Less than two weeks before graduating from Rowan University with a degree in music technology, Jersey Shore singer-songwriter Stella Mrowicki self-released her EP, “Pine Trees and Wildflowers,” a follow-up to last year’s self-titled debut.
Jersey Shore singer-songwriter Stella Mrowicki returns with “Pine Trees and Wildflowers,” a wonderfully rootsy five-song follow-up to last year’s self-titled debut LP. Like its predecessor, the gospel-folk EP was written, recorded, produced, mixed, mastered and nearly entirely performed by Stella. With the exception of violin parts on two tracks by New York-based Richard Barbera, Stella performs a variety of instruments, including piano, guitar, drums, bass, banjo, organ and percussion.
While that’s impressive, the best part of “Pine Trees and Wildflowers” remains brilliant songwriting, which is why Stella was the 2019 Makin Waves Songwriter of the Year. Parts Townes Van Zandt, John Prine, Bob Dylan and Joni Mitchell, Stella continues to defy her young age of 21 with words of wisdom and stunningly beautiful arrangements.
My two favorite songs on the EP both are gospel-inflected: the sunny, piano-driven, banjo ‘n’ fiddle-flavored opening single, “Without Me,” and “High St.,” which sounds like Emmylou Harris singing at New Orleans jazz funeral. It made my soul soar to write that just now about such a young artist. But then, Stella was raised on great music by the legendary Lee Mrowicki, producer-host of “Radio Jersey,” which kindly presents the weekly Makin Waves Report and airs the Makin Waves Song of the Week thrice weekly on ThePenguinRocks.com, New Jersey Stage’s online radio station.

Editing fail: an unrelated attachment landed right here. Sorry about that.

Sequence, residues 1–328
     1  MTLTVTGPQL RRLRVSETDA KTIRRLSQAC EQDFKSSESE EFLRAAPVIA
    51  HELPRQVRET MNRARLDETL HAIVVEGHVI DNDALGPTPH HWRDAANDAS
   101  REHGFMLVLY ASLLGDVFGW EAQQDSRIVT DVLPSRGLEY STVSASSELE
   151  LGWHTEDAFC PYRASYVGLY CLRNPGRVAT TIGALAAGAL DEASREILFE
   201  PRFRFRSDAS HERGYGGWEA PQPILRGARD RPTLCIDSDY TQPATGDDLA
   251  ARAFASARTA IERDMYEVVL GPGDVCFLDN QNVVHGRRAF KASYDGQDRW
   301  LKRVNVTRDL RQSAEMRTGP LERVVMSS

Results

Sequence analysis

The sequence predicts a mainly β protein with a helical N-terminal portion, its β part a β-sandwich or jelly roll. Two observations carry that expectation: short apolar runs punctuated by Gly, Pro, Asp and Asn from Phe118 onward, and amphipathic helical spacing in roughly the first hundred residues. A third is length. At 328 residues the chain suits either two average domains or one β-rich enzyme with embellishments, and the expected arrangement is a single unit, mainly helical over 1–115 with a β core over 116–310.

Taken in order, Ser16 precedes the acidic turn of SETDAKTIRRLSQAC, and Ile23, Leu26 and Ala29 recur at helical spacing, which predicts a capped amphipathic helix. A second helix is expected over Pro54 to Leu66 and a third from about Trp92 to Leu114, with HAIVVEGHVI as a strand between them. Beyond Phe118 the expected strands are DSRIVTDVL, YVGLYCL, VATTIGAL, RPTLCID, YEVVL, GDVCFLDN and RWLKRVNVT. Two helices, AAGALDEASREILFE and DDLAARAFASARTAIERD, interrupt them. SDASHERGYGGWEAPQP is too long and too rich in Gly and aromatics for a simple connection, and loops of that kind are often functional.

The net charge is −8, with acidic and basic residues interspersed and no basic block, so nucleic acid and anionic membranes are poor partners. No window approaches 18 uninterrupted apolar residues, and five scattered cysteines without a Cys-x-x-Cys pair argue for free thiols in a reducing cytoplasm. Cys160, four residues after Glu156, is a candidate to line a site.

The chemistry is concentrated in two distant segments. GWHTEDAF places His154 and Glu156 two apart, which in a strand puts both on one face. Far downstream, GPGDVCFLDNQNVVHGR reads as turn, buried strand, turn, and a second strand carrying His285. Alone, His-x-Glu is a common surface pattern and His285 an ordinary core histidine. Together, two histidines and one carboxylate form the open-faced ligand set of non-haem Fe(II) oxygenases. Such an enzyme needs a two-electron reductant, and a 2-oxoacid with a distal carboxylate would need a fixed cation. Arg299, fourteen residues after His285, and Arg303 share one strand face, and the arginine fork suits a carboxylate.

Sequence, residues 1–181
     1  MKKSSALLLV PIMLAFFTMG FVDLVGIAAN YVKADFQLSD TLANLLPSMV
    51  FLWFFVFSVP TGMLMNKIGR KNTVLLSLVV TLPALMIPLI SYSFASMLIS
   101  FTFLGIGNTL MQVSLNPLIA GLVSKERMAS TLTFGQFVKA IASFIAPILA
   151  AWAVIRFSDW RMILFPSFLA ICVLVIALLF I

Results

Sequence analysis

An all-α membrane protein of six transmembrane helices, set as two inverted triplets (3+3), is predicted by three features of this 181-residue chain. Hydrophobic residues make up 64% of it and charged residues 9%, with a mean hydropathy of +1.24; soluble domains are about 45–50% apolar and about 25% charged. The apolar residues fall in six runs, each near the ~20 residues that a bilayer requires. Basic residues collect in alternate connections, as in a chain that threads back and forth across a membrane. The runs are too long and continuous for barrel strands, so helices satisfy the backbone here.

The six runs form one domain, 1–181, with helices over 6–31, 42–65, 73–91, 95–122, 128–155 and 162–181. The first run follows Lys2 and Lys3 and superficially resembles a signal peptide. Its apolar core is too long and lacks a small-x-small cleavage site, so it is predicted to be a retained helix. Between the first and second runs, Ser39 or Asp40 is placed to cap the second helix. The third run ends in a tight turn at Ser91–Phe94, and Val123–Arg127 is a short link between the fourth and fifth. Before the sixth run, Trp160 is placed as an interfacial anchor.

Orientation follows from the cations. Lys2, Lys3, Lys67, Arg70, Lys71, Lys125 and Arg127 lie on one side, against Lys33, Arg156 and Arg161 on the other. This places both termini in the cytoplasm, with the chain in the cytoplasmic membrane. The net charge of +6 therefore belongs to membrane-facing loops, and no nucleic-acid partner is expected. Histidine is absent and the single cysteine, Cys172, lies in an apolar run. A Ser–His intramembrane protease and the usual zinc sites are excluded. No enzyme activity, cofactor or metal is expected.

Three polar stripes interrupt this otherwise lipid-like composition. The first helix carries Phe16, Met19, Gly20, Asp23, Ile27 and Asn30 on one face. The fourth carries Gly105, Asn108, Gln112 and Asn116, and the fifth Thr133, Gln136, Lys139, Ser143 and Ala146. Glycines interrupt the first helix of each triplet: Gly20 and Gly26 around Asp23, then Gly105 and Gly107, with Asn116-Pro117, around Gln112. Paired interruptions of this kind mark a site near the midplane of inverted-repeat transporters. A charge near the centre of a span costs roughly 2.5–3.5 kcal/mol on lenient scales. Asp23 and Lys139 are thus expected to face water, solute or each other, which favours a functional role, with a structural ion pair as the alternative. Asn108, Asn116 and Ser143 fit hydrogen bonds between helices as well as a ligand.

I’ve been working with Lee for 40 years within the local music scene. To hear his immensely gifted daughter make such exceptional music is a thrill that brings things full circle from the days when he helped me get my start as a young music writer covering the Stone Pony, where he was manager and DJ.
Anyway, “Pine Trees and Wildflowers” also features:
- “Hey,” an acoustic-pop mind game with an impressive range and layers of vocals
- “My Wine,” a soulful but somber, thought-provoking but rousing love song reminiscent of Van Morrison and Carole King
- “Stay,” a countryesque stunner that burns within the embers of faded love and proves Stella can pick too.
The EP was released less than two weeks before the talented lass graduated from Rowan University with a degree in music technology, an opportunity that obviously greatly influenced the production of her two records. While the LP had a Liz Phair-like lo-fi quality, “Pine Trees and Wildflowers,” a title likely inspired by the scenic South Jersey landscape Stella would traverse to school from her Ocean County home, the EP’s production is much grander and more focused. Yet, Stella surrounds her roots music with a raw sensibility rather than the polish her skills obviously could have provided, and wisely didn’t.
I expect big things from this artist, as do several other music writers who also have honored her with accolades. Her star will continue to rise once it’s safe to tour and make quality videos again. In the meantime, I hope you check Stella out. If you’re feeling stressed or depressed during the pandemic, her music will serve as an intelligent and soulful catharsis.
And be sure to check out the Makin Waves Interview with Stella next month here, in New Jersey Stage Magazine, and at theaquarian.com.